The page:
There are many reasons why estate planning is essential, and one of them is that it is a good wealth management tool as well as offering peace of mind by caring for your family. One of the main focuses of estate planning is formalizing who inherits what assets from your estate, when they can have control over it and even, to some degree, the extent to which they can utilize it. Inheritance through a Last Will and Testament is the traditional means to achieving this, but gifting offers several advantages as well. Here are some insights from your estate planning attorney in New Jersey.
Inheritance tax in NJ and federal inheritance tax
New Jersey has just taken the step of repealing estate tax, which will apply from January 2018, which is great news for anyone looking to preserve their wealth for future generations. For the year of 2017, this exemption has risen from a very low $675,000 to $2 million, and the legislation also eliminates provisions that imposed estate taxes on NJ property of non-resident decedents.
However, the state has not repealed its inheritance tax laws, which is levied on siblings, nieces and nephews (spouses and children are exempt) for inheritance of over $500.
On a federal level, the exemption is much higher at $5.45 million, a figure that can be increased to $10.9 million with professional planning, without hitting the 40% tax.
Using gifting to supplement your Last Will and Testament or Trust
Gifting provides a way for people to pass on their wealth to those close to them without having to worry about facing significant taxation or having to wait until after your passing. 2017’s exemptions from the IRS are at $5.49 per individual with an annual gift exclusion of $14,000.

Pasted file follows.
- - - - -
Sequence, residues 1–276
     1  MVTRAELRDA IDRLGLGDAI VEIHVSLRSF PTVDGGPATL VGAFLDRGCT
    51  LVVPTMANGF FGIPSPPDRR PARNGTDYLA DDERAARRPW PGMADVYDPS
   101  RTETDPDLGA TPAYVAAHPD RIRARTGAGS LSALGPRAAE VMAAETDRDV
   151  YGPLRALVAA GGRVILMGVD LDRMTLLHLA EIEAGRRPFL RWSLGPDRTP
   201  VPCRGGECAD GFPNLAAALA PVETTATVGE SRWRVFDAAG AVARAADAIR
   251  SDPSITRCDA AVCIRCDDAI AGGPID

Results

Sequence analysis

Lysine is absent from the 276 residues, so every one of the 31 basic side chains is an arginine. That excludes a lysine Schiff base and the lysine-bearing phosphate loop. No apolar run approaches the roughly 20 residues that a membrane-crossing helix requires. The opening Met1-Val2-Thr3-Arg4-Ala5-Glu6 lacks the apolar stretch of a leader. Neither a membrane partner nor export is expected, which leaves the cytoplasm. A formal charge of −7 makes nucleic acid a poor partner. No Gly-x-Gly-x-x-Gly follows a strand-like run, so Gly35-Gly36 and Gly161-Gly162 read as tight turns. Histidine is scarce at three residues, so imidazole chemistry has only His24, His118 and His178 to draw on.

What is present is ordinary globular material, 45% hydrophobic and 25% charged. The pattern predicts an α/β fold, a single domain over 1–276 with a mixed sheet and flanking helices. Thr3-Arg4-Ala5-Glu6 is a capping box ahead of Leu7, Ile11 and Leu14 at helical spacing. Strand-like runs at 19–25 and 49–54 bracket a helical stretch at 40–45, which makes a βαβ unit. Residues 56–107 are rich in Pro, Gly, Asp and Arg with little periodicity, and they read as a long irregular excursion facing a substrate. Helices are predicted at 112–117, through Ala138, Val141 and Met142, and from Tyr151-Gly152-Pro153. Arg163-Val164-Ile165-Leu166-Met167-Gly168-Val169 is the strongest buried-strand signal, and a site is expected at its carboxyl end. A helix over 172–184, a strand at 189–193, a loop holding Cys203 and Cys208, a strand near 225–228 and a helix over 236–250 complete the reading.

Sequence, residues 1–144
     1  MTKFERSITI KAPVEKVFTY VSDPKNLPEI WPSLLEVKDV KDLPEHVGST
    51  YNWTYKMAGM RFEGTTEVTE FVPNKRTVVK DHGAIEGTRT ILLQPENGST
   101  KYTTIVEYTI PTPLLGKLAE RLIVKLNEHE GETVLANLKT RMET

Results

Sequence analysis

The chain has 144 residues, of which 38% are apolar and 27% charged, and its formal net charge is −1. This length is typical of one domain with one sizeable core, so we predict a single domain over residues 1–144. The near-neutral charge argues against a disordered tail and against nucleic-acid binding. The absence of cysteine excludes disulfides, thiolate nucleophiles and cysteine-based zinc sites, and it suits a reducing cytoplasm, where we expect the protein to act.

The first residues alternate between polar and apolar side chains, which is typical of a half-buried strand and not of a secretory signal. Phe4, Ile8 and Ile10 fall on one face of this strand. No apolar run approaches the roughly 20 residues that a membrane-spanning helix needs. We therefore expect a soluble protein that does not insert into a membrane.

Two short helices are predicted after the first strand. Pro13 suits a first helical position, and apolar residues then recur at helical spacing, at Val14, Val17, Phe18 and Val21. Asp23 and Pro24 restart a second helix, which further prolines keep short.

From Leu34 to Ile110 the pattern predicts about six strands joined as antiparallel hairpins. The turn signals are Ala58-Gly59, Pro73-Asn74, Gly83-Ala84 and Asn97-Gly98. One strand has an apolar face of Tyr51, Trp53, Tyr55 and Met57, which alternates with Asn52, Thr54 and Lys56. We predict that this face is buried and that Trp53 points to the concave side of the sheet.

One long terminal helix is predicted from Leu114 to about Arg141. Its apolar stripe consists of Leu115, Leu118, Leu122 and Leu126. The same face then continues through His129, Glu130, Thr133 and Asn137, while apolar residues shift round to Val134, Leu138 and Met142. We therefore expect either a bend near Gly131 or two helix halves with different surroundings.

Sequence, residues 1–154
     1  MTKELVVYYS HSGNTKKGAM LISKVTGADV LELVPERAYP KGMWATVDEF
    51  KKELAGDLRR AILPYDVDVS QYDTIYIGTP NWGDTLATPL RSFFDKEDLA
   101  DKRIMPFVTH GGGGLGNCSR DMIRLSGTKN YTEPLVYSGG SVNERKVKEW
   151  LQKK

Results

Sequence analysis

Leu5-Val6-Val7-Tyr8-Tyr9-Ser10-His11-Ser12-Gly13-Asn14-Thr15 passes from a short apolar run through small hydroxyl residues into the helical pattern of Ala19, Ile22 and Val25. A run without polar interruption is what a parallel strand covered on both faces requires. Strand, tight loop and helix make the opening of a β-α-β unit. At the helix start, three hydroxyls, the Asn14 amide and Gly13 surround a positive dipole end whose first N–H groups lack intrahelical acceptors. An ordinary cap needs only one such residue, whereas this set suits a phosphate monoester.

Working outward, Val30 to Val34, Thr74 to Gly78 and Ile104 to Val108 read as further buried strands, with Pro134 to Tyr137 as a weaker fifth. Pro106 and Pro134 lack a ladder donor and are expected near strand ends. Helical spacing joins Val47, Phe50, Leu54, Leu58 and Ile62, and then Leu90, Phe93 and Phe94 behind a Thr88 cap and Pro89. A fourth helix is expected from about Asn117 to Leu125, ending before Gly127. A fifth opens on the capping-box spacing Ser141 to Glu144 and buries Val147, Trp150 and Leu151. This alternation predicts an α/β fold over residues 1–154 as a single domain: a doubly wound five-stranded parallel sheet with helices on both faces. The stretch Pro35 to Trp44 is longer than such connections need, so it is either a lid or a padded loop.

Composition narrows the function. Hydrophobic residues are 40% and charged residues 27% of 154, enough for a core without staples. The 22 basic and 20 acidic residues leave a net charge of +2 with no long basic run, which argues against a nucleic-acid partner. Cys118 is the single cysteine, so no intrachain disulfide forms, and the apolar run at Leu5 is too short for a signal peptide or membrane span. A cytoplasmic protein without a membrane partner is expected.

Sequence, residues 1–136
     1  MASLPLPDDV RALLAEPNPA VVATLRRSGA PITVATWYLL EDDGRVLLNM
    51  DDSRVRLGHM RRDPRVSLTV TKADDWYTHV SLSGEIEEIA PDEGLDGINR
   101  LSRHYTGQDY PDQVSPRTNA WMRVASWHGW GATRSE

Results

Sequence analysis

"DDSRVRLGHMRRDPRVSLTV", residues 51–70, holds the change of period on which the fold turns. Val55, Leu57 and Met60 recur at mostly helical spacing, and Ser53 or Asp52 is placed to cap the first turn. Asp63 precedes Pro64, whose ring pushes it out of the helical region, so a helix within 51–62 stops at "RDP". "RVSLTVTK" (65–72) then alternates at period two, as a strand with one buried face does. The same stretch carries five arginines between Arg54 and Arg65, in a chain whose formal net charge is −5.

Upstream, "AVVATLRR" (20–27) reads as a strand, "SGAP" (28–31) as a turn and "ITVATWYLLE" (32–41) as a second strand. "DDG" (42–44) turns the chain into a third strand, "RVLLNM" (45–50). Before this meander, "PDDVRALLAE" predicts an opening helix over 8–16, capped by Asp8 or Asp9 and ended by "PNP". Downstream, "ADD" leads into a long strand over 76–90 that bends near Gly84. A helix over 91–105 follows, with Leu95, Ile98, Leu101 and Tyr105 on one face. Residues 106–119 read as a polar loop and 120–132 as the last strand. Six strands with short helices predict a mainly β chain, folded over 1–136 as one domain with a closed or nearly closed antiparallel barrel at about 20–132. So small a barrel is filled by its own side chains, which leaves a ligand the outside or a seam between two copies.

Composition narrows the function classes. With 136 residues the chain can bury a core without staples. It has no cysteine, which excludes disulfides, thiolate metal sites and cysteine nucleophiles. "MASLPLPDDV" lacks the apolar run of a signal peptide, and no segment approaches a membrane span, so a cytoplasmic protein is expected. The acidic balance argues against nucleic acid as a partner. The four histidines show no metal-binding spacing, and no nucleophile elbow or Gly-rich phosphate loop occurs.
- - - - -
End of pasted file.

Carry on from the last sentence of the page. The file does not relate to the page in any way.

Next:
This allows you to give money to children, loved ones and worthy causes without facing a tax burden as a result, as long as you stay under the $1 million limit, making it an effective supplement to traditional inheritance – even helping to avoid inheritance taxes in some cases. This effectively frees up funds for college educations, a GRAT, contributions to charity or even paying a friend’s medical fees – whatever is closest to your heart. It also allows you to see the fruits of your generosity in person, which is a great reward.
Shield your assets for your loved ones – Speak to your estate planning attorney
If you would like further guidance on how to manage the distribution of your assets, create a trust or draw up a Last Will and Testament, Frank R. Campisano can provide you with the necessary expert legal advice and professional insight into NJ estate planning.
In addition, he can also assist you with all other aspects of your estate plan, from drawing up medical directives to Power of Attorney documents. For more information on setting up or changing an estate plan, please contact the law firm of Sedita, Campisano & Campisano, LLC in New Jersey and visit our website at http://www.scclegal.com/.